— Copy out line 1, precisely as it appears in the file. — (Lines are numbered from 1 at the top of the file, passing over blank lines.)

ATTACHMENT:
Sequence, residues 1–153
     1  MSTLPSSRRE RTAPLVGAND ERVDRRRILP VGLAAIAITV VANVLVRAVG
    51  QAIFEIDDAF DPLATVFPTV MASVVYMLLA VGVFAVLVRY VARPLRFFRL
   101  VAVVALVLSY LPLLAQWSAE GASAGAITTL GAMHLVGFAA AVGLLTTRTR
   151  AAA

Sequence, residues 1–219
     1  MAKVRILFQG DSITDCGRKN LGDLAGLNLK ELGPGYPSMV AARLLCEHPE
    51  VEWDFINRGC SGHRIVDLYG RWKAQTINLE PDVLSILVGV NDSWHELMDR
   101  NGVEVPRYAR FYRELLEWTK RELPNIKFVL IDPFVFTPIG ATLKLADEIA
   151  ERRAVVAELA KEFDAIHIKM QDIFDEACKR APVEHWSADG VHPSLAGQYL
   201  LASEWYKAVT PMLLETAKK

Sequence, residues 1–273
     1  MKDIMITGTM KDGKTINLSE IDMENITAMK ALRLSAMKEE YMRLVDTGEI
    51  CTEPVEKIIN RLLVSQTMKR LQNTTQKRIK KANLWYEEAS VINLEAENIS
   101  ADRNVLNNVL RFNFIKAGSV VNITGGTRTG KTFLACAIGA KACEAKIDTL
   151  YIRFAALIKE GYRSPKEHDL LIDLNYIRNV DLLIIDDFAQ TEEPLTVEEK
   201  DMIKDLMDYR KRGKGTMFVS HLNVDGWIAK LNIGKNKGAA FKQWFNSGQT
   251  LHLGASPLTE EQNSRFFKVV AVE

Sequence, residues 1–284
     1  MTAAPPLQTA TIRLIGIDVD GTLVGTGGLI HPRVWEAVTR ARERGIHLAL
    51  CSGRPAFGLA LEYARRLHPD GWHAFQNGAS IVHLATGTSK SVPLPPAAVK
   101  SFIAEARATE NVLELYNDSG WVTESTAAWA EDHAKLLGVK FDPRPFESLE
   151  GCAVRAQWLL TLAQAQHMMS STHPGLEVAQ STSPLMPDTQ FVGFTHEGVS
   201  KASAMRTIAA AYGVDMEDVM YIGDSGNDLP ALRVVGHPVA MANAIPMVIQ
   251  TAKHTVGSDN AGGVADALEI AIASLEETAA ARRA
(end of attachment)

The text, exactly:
Sequence, residues 1–153